09 October 2013

Karate Hits Physics of Sports!

My Physics of Sports students were treated to something special this morning.  Third-degree black belt Clifton Abercrombie and second-degree black belt Cody Davis visited my class and showed us some karate moves.  Mr Abercrombie has been one of my family's lead karate instructors for about a year-and-a-half now.  He is incredibly good at what he does.  The slow-motion video below shows one of his board-breaking feats.  He executes a perfect hammer punch, which uses the knife edge of the palm opposite the thumb.  Using the edge of one's hand allows for more force per area, i.e pressure, at the strike point.  Click on the video for a larger image.
There is a great deal of physics here!  At the start of Mr Abercrombie's motion, you will see his torso beginning to rotate.  His right arm goes back so that as his torso moves forward, he will store a great deal of potential energy in his upper arm.  Once his strong thigh, abdominal, and back muscles get his torso rotating counterclockwise (as seen from above), his right arm is like a whip.  Now cocked full of potential energy, his arm moves forward, thus turning potential energy into kinetic energy.  The red path in the above video clearly shows that after accelerating linearly in the early part of the motion, Mr Abercrombie's hand undergoes mostly centripetal acceleration as his arm follows through and breaks the board.  Note, too, Mr Abercrombie's eyes and how they are focused on his target.  As he follows through with the hammer throw, you will see his mouth open.  He yells, "Kiai!"  His exhale during the blow demonstrates proper breathing technique.

Let's now get more quantitative.  The graph below shows the speed of Mr Abercrombie's hand.  Click on the image for a larger view.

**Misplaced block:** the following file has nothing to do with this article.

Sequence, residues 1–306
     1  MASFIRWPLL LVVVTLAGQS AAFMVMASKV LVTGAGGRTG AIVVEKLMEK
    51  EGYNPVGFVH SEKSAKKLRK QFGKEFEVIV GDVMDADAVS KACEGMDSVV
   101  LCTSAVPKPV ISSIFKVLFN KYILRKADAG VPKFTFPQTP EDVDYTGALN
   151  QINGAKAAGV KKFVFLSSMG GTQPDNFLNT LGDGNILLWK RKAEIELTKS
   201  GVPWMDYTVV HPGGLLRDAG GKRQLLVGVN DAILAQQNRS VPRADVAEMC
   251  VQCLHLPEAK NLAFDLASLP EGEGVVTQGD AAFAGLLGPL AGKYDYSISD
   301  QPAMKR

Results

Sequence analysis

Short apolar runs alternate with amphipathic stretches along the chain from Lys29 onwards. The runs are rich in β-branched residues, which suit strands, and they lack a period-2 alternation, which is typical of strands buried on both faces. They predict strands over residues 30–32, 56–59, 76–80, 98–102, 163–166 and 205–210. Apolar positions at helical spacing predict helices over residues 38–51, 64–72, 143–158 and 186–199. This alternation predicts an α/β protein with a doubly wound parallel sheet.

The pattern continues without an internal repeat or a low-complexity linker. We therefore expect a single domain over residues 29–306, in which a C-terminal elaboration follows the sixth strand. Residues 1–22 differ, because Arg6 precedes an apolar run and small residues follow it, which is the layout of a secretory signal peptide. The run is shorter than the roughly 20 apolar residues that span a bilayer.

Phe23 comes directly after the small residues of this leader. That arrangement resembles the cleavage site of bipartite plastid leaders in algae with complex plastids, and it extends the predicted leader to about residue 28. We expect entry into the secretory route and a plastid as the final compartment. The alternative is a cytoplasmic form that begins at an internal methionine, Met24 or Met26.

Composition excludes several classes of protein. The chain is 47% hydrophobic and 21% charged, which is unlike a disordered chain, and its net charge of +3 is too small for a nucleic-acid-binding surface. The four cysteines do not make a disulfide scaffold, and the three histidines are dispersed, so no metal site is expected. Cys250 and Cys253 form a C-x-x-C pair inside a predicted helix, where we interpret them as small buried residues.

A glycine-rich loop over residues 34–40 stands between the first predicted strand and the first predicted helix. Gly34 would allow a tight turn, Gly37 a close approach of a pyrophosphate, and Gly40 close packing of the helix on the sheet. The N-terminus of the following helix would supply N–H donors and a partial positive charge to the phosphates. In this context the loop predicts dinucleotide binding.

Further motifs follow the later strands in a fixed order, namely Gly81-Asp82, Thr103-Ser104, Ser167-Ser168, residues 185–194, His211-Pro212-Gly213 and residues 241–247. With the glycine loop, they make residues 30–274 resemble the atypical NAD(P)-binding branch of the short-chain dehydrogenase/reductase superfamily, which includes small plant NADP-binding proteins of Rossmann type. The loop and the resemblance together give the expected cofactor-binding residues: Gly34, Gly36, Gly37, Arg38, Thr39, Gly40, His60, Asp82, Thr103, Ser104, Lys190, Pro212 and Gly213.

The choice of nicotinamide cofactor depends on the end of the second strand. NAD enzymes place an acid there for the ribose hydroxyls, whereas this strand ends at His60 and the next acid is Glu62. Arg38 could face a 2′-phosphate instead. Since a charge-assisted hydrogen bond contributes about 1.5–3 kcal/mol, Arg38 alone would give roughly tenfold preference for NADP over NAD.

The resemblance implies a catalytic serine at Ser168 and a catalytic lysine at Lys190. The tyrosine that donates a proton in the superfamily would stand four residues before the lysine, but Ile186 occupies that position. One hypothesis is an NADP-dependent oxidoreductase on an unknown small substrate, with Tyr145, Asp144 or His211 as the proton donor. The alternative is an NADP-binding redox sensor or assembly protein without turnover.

His hand's maximum speed is just over 12 m/s (43.2 kph or 26.8 mph).  That is speeding in a school zone!  To understand what accelerations are involved in making one's hand follow the path you see in the video, check out the plot below.  Click on the image for a larger view.
His hand's maximum acceleration is just over 325 m/s2, which is over 33 times the acceleration due to gravity!  A grown man's arm is nearly 6% of his body weight.  I estimate the mass of Mr Abercrombie's right arm to be 5 kg, which corresponds to a weight of about 11 lbs.  He needed about 1641 N (369 lbs) of force on his right arm to execute the hammer punch.  What's great is that he most likely used more force because my camera films at just 60 frames per second, meaning my data points are separated by 0.0167 s.  With a high-speed camera, I could get many more data points, and, I suspect, get instantaneous forces approaching twice the size of what's seen above.

What to learn to break a board like Mr Abercrombie?  Visit Super Kicks Karate in Forest, Virginia.  Click here for their Facebook page.  It's a great place to see physics in action!

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